By Katie Benfield
This Saturday, Oct. 17, the Newland Business Association and area businesses will be hosting Newland’s inaugural Pumpkin Festival from 10 a.m. until 5 p.m. at Riverwalk Park.
In order to celebrate Greater Newland’s harvest season, the festival will provide several events for this fun-filled day, including but not limited to: a family and school scarecrow making contest, a Native American presentation by Hawks Nest Unified Tribe, story-telling, hayrides, local and Native American artists and craft vendors, the Best Pumpkin Costume contest, food and beverages, live bluegrass and Celtic music and so much more. Along with this, Downtown Scarecrows are up on Newland Lamp Post, and awards for the first, second and third places for business scarecrows will be announced at 4 p.m. at the Pumpkin Festival.
According to NBA member Steve York, the association was approached by the Hawks Nest Unified Tribe with the intention of setting up their non-profit organization in Newland and in need of support.
“We were happy to do that,” York said. “The Native American culture is just as big of a part of our culture and traditions in the High Country as anything else.”
The Pumpkin Festival will be rich with Native American music, culture, story-telling and a variety of other things — which is only one thing that separates this festival from the other many Harvest Season festivals around the High Country.
“It’s something very unique that we have,” York said. “It’s really something that’s going to make our festival contribute to the season.”
Having Native Americans involved in the festival only makes the celebration of the Harvest Season all the more exciting and genuine. Celebrating the fruits of the labor from throughout the year, York said, is what it’s really all about.
“Harvest Season is a big deal for us, considering we live in a community that is largely agriculturally driven,” York said. “Harvest Season is so traditional, and this area of the state is steeped in cultural traditions.”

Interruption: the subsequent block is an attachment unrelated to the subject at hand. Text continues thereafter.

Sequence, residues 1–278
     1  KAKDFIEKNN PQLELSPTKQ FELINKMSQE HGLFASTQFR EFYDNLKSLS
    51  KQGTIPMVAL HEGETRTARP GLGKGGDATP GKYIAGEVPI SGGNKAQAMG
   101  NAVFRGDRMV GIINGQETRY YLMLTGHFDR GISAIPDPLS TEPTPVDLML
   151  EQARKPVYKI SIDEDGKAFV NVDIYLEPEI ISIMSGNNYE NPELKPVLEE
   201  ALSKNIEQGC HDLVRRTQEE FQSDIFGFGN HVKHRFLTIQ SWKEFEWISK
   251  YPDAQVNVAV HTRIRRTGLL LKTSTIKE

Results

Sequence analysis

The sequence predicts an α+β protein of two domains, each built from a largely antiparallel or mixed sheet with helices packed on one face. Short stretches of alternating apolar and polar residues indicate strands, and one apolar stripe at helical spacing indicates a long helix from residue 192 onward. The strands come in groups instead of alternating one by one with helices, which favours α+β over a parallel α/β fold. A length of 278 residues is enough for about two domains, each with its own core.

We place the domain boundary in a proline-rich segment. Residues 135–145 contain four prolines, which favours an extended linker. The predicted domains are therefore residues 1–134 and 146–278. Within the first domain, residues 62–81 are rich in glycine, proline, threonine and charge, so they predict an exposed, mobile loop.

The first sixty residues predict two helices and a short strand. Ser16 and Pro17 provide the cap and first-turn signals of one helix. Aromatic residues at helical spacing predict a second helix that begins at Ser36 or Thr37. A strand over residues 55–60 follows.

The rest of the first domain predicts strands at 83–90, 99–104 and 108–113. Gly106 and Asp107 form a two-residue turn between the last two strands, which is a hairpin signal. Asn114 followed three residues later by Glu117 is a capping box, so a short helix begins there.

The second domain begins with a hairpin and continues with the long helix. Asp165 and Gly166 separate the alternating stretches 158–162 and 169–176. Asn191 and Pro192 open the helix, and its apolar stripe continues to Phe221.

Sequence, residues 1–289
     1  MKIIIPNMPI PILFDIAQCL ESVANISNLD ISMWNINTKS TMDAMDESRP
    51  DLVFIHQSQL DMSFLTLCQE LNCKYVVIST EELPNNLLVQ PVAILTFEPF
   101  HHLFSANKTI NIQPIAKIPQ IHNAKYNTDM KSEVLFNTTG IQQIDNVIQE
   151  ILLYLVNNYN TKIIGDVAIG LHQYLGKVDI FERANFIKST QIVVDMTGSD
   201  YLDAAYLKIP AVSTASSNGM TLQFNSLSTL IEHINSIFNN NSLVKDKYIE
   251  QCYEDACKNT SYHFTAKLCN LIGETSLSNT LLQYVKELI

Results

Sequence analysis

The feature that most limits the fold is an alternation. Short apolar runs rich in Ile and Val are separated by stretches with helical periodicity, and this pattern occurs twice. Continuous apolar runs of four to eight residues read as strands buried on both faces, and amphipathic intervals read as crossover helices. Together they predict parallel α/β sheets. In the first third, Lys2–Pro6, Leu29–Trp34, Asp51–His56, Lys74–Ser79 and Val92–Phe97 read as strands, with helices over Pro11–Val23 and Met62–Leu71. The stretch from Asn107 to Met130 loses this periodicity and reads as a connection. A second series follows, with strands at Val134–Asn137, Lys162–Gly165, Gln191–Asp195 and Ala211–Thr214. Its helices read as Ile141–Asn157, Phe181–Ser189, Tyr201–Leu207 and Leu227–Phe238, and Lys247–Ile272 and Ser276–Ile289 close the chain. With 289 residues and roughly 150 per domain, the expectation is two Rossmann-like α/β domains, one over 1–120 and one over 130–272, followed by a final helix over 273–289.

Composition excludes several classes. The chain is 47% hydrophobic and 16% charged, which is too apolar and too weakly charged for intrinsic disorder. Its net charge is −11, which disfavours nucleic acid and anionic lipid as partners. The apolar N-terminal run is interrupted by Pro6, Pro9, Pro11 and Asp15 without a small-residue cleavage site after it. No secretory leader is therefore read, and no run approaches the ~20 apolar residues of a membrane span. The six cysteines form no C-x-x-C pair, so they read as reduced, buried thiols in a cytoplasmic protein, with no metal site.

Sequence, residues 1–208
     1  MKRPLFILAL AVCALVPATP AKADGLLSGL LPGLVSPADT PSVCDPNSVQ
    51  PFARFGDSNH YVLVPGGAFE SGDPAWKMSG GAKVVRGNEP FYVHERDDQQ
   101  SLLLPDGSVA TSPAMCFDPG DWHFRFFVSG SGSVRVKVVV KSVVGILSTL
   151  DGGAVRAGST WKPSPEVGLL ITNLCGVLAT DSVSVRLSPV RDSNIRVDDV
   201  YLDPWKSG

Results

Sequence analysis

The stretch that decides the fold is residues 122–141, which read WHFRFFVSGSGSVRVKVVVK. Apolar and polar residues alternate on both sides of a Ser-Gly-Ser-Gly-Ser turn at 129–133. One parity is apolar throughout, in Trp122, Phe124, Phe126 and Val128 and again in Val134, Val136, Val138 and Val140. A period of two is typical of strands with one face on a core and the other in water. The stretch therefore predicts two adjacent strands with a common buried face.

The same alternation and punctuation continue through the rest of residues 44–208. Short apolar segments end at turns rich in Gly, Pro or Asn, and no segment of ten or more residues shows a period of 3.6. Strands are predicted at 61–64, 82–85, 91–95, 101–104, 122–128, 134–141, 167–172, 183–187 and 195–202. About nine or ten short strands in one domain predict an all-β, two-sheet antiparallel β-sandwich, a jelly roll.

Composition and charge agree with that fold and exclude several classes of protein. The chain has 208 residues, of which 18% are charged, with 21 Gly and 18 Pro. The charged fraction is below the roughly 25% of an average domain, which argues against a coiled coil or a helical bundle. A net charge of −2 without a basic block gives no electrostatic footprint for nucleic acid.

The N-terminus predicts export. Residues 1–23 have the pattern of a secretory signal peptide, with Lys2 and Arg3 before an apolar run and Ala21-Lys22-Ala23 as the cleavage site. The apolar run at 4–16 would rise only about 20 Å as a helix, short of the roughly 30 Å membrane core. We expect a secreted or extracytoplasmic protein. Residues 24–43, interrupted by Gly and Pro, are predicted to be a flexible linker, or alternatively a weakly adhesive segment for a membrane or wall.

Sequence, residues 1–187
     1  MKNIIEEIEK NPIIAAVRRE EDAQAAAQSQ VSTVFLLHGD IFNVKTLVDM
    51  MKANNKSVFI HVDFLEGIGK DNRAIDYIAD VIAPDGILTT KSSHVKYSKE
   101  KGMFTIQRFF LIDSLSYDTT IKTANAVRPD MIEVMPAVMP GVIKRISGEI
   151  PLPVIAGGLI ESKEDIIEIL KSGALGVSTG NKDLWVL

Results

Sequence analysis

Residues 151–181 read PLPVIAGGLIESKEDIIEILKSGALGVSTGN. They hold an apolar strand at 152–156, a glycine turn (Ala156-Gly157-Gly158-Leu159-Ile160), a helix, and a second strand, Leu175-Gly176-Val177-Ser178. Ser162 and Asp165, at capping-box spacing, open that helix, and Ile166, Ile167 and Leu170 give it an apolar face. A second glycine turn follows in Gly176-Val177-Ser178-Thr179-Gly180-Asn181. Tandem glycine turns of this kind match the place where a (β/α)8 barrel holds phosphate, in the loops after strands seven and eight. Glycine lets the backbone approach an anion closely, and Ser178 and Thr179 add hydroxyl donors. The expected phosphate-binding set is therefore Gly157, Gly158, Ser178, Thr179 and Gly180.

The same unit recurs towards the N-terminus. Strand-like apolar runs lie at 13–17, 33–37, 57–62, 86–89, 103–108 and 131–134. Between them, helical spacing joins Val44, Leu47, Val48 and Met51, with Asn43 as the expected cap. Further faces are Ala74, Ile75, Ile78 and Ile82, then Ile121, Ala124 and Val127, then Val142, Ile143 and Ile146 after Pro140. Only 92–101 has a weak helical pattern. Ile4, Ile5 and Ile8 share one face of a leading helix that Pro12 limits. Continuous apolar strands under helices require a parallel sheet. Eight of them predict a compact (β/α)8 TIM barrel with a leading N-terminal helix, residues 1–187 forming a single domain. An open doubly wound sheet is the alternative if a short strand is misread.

The NBA decided to host an event like this for two reasons. For one, it was approached by local law enforcement with the proposal that they plan some kind of event for this weekend — the same weekend where the Wooly Worm Festival and the like occurs — due to traffic congestion. They were hoping that planning an event like this would help spread and scatter the traffic in order to reduce congestion and the majority of people all being in one place at one time.
The other reason, and the more important one, is to bring community and attention to the Greater Newland area. All of the communities and towns involved in Greater Newland do not have their own chamber of commerce, and in order to spread the culture and joy of their communities, the NBA tries to hold as many events as possible to make life as beautiful as possible.
“We’re hoping to involve not only the locals, but also tourists, as well,” York said. “We are excited to draw people in to experience the beauty and culture of the lives of the High Country.
“This is new for Newland, and we are just excited to contribute to the Harvest Season festivals that the High Country is so noted for.”